This book lifts the lid on the high pressured, complex world of women’s artistic gymnastics. By adopting a socio-cultural lens incorporating historical, sociological and psychological perspectives, it takes the reader through the story and workings of women’s artistic gymnastics.
Beginning with its early history as a ‘feminine appropriate’ sport, the book follows the sport through its transition to a modern sports form. Including global cases and innovative narrative methods, it explores the way gymnasts have experienced its intense challenges, the complexities of the coach-athlete relationship, and how others involved in the sport, such as parents and medical personnel, have contributed to the reproduction of a highly demanding and potentially abusive sporting culture.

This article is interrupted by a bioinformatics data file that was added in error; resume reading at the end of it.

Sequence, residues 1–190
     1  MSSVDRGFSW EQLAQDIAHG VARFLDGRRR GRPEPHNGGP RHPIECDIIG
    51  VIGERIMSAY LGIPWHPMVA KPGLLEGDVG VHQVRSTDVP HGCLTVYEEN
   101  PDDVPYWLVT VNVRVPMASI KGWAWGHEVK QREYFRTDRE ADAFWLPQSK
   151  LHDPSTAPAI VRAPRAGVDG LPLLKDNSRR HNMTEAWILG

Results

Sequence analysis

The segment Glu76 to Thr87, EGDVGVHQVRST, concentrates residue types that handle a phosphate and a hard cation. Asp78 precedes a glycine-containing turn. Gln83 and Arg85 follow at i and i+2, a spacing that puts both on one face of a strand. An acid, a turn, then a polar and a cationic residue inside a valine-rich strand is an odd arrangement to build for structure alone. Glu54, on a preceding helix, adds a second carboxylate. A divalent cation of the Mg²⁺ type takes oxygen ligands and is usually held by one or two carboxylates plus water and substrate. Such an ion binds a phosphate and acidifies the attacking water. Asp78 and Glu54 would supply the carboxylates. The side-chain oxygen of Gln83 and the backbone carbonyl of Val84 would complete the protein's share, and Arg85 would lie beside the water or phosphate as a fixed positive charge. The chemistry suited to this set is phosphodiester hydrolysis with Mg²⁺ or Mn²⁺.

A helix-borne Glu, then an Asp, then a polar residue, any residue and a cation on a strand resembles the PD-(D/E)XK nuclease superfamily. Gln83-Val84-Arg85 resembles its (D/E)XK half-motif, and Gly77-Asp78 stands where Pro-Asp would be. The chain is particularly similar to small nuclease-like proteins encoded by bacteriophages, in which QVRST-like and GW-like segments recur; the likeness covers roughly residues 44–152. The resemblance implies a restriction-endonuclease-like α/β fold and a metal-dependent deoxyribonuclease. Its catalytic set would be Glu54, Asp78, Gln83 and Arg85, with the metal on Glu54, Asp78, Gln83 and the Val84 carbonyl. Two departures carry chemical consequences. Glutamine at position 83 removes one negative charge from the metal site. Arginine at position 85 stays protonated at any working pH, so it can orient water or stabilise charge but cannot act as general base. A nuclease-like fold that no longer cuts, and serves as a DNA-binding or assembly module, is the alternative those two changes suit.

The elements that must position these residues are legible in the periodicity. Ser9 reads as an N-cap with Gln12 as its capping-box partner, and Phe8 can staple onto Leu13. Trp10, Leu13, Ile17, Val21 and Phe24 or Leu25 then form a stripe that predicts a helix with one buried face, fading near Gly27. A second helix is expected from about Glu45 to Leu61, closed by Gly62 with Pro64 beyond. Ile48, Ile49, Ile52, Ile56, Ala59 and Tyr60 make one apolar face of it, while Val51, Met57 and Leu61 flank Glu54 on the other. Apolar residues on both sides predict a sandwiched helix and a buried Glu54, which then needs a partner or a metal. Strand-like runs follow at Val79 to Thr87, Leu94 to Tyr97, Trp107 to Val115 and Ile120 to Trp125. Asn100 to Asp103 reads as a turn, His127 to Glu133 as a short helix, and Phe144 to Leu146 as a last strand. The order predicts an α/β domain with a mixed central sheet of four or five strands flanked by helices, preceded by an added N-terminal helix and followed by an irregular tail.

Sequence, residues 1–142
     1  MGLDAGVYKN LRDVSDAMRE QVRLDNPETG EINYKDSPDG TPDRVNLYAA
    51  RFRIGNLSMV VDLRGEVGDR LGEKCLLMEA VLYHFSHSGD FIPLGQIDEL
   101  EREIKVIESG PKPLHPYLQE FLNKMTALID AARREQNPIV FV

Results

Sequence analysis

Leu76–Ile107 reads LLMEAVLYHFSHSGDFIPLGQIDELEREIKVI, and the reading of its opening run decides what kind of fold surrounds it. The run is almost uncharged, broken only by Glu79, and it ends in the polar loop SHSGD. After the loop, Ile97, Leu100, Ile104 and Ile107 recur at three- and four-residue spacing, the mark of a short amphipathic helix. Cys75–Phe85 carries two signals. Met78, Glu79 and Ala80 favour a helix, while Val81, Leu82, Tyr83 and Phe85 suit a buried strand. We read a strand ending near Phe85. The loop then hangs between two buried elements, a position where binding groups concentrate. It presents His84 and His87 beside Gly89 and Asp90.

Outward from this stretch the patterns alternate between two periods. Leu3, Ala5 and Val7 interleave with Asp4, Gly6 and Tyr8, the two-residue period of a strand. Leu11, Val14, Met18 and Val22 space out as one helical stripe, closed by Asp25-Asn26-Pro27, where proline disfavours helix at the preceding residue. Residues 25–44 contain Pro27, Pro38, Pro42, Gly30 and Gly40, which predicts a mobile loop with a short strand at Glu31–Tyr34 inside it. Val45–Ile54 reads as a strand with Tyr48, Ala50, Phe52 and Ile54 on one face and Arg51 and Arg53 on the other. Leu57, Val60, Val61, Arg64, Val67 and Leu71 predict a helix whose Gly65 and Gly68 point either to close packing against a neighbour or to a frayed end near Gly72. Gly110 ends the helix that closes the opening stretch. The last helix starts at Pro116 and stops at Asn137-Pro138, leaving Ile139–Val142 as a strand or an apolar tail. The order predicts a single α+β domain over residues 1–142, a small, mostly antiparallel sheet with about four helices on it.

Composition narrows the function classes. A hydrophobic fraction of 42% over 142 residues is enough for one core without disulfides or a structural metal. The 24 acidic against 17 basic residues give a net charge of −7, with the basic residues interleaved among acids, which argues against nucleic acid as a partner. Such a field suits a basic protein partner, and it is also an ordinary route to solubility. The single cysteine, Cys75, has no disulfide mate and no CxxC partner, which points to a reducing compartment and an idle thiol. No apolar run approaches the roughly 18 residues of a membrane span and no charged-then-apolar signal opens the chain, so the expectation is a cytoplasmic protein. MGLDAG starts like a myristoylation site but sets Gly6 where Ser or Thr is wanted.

With the focus on a unique women’s sport, the book is an important read for researchers and students studying sport sociology, sport coaching, and physical education, but it is also a valuable resource for anyone interested in the development of sporting talent.
Roslyn Kerr is Associate Professor in Sociology of Sport and Dean of the Faculty of Environment, Society and Design at Lincoln University in New Zealand.
Natalie Barker-Ruchti is Associate Professor in the Division of Sport Science, School of Health Sciences, Örebro University, Sweden.
Carly Stewart is Head of Department of Sport and Event Management at Bournemouth University, UK.
Gretchen Kerr is Professor in the Faculty of Kinesiology and Physical Education at the University of Toronto, Canada.
Table of Content
Part I: The history, politics, commercialisation and diversification of women’s artistic gymnastics
Jenny’s story: Part I – Frank
Part II: The gymnast experience
Jenny’s sory: Part II – An unexpected event
Part III: Coach-athlete relationships
Jenny’s story: Part III – Worries and pressures
Part IV: The multiple actors involved in creating an elite gymnast
Jenny’s story: Part IV – Enough’s enough